buslight

Hiding In Plain Sight

My favorite kind of light to shoot is fleeting. It consistently appears like a ghost passing through my awareness. Soft, delicate reflections that drift slower than our patience will usually allow us to notice moving until its gone. There are countless memories stowed away in my mind where these ghosts have shown themselves to me only to have me scramble to dig out my camera wherever it may be only to find by the time I was ready to shoot it had already passed. Light is a force of life that reminds us that we must absorb these fleeting moments before they slip by, camera in hand or not.

That said, if you fancy yourself a photographer here is a challenge for you. Capture one of these moments. Surely you know the type. That tiny window of time wherein light graces a surface in a way so perfect it could only exist this way on rare occasions. It’s not always just a beam of light creeping across a wall. Sometimes it sneaks in through the window of a bus like in the photo above, perfectly lighting everything inside until it turns to another street or ducks behind a building. Other times it may be that perfect combination of the angle of the setting sun and the spot you are standing in that causes the world to illuminate in front of you.

Here is the tricky part. Once you find it, take only one photograph. Even if it’s against better judgement to do so. Just go with your instinct, don’t over think it, use what you know about good exposure and composition and trip the shutter. In limiting yourself you are playing along with the transitory nature of the moment. I think it’s an important lesson to learn and one I hint at often around here. Don’t let the camera get in the way of the wonderful things you seek out to shoot. Let these moments find you and simply live your life.

For me, photography is an experience in which you hold close the romantic nature of life and do your best to keep it from being forgotten. So keep your camera nearby and look for those softly lit moments hiding in plain sight. If you capture something feel free to share it with me through email. Maybe I could share it here in the future.

Comments

  1. shift - January 3, 2012 at 1:24 pm

    “Just go with your instinct, don’t over think it, use what you know about good exposure and composition and trip the shutter.”

    I can’t tell you how much I absolutely love this part. Too many times we get caught up in the details and miss that rare moment we dream of capturing. Thank you so much for putting it so succinctly! I shall definitely heed your challenge and share if I capture anything noteworthy.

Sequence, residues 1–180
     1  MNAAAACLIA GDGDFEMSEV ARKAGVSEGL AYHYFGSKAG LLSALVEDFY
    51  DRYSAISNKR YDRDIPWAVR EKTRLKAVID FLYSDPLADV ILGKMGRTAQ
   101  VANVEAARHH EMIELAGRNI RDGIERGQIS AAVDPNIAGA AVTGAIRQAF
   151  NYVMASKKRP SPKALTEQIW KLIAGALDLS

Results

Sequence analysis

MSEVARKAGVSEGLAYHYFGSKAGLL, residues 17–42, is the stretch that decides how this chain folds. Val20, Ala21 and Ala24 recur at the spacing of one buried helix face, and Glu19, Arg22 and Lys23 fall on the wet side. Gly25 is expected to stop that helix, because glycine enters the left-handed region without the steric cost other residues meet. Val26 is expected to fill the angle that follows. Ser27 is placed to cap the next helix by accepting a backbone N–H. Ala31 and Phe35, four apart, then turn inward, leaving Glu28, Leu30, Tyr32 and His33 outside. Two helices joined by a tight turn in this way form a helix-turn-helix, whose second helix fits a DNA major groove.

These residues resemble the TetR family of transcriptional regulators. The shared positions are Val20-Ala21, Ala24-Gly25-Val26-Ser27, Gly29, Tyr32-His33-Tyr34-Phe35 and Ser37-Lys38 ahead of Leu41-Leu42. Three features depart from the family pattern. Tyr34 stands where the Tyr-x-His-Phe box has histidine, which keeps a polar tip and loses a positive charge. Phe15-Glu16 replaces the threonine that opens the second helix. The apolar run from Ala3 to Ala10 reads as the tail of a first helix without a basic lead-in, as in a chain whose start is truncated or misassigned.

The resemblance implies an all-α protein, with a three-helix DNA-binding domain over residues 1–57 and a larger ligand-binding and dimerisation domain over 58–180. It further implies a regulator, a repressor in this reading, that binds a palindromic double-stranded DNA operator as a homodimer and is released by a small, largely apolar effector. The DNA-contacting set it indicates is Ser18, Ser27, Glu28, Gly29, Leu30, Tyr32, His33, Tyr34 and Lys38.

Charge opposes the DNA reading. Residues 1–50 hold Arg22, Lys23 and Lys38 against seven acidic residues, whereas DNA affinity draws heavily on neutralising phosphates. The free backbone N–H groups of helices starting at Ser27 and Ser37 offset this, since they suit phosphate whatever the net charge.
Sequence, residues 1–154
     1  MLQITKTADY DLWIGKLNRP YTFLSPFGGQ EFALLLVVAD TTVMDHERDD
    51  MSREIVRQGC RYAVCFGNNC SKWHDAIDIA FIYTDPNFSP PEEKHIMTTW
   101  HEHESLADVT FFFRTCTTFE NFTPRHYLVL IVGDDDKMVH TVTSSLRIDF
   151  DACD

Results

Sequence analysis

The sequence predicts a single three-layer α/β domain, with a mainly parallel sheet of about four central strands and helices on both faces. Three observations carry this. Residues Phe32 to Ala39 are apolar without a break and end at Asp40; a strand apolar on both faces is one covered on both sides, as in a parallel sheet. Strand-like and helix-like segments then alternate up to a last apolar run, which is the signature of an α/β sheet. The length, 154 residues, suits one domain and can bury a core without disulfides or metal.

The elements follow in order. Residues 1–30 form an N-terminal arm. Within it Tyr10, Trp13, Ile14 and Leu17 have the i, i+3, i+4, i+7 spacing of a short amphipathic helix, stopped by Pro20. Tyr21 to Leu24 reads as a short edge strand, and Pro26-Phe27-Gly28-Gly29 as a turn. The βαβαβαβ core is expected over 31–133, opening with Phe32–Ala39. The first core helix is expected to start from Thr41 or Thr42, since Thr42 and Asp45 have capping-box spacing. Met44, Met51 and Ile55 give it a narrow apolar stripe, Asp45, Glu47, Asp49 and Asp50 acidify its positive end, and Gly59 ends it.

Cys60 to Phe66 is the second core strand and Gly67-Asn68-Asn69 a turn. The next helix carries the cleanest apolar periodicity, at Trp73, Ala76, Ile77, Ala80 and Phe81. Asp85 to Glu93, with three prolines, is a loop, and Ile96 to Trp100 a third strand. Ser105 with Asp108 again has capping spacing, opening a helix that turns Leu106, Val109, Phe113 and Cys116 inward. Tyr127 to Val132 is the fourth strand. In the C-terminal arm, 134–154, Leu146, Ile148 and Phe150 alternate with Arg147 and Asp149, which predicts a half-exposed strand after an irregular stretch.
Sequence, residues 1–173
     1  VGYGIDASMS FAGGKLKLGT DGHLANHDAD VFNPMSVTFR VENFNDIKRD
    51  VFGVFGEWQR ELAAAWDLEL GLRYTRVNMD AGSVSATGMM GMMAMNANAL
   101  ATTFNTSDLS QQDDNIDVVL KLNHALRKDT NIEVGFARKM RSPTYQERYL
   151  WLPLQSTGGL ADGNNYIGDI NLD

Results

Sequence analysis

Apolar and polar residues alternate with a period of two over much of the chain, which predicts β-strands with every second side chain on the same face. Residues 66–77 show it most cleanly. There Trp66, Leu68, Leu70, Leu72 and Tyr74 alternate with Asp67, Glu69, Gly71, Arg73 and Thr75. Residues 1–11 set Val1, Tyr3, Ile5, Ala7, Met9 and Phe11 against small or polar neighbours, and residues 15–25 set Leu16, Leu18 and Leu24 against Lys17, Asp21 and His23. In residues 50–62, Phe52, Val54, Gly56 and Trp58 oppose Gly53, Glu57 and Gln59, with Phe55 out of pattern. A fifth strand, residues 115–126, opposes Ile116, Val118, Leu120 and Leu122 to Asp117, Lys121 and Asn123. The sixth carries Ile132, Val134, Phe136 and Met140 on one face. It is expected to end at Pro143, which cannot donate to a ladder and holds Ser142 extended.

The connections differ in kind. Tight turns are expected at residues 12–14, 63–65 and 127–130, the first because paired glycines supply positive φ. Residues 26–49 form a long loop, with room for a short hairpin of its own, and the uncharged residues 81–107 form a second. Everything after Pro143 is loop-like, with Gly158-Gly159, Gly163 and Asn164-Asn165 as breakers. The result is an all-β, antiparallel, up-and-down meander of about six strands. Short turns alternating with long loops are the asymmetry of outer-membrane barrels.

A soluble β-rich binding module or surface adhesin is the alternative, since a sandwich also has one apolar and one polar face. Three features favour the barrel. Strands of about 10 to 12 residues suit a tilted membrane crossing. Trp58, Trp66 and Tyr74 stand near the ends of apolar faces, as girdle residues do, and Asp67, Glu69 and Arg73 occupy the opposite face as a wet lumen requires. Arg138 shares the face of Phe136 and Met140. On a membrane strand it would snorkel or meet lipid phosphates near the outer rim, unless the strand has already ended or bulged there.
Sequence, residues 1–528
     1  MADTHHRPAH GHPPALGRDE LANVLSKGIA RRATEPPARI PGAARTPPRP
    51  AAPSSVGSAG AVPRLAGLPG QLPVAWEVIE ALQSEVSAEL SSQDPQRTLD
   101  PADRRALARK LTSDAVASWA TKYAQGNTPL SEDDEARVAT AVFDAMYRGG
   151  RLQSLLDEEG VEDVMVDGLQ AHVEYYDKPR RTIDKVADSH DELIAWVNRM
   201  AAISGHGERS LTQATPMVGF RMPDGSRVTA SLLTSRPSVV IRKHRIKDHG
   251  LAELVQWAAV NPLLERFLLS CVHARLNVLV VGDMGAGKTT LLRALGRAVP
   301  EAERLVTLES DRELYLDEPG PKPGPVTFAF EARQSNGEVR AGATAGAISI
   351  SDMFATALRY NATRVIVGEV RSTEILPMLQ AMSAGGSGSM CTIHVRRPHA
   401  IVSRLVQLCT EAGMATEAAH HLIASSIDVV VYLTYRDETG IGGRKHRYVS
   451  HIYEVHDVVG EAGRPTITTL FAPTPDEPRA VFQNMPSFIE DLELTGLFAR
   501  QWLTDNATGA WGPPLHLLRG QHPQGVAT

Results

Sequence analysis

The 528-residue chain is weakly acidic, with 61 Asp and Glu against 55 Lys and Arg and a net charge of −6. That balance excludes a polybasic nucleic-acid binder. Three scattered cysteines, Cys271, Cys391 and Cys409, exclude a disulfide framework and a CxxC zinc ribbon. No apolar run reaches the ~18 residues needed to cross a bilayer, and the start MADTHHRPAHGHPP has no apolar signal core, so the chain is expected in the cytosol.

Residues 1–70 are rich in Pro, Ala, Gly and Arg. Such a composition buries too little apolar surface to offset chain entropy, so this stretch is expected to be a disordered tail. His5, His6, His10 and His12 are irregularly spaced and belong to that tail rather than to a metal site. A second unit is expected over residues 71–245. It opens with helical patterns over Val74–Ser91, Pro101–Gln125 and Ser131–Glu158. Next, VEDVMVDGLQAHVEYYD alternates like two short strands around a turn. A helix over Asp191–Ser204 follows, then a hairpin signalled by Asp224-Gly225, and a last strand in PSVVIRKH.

2. Daniel Wajda - January 3, 2012 at 2:38 pm

    Any chance of getting a desktop? The colors are so perfect.

  3. jmabeeviz - January 3, 2012 at 3:09 pm

    I agree with Daniel, I’d love to have it as a desktop…

  4. Ryan - January 3, 2012 at 3:33 pm

    Jon,

    I stumbled across your site through the Path blog and to my delight, your work was refreshing and inspiring! I love the way you capture light and stick with prime lenses…same style that I have used and loved for years (even in my wedding photography days). Keep up the great work!

    I believe the link to your email may be broken but wanted to share one photo that I just love, not for the technical aspects but for the memories and emotion it evokes when I am reminded of the joy that my two little ones share when swinging into the sunrise and being at our cabin….http://ryanspics.tumblr.com/post/15125046307/swing

    Take care,
    Ryan

  5. Dane Henson - January 3, 2012 at 5:30 pm

    I love the idea of limiting yourself. I learned how to use an SLR only a few years ago on a film camera, but quickly moved to a digital camera because film was already becoming expensive. Recently, I was inspired to start using an older film camera again and it’s the challenge of no auto-focus, limited exposures, and expensive processing that has caused me to fall in love with photography again. It’s the thrill of the chase that captivates me, and the nervous anticipation as I wait for my film to get developed.

  6. Kyle - January 4, 2012 at 2:06 pm

    If the photography wasn’t worth coming for, then the passion would be and it couldn’t be any more perfect since you share both.

  7. Ichikasuto - January 4, 2012 at 10:23 pm

    I definitely would like this as a desktop also!

  8. Philip - January 5, 2012 at 4:25 am

    Just wondering… how do you get such perfect colors and that grainy feel? Btw I love all your pictures :)

  9. john - January 5, 2012 at 5:02 am

    Thanks so much guys, I’m glad you enjoyed it and those who have shared with me, thanks so much for sharing!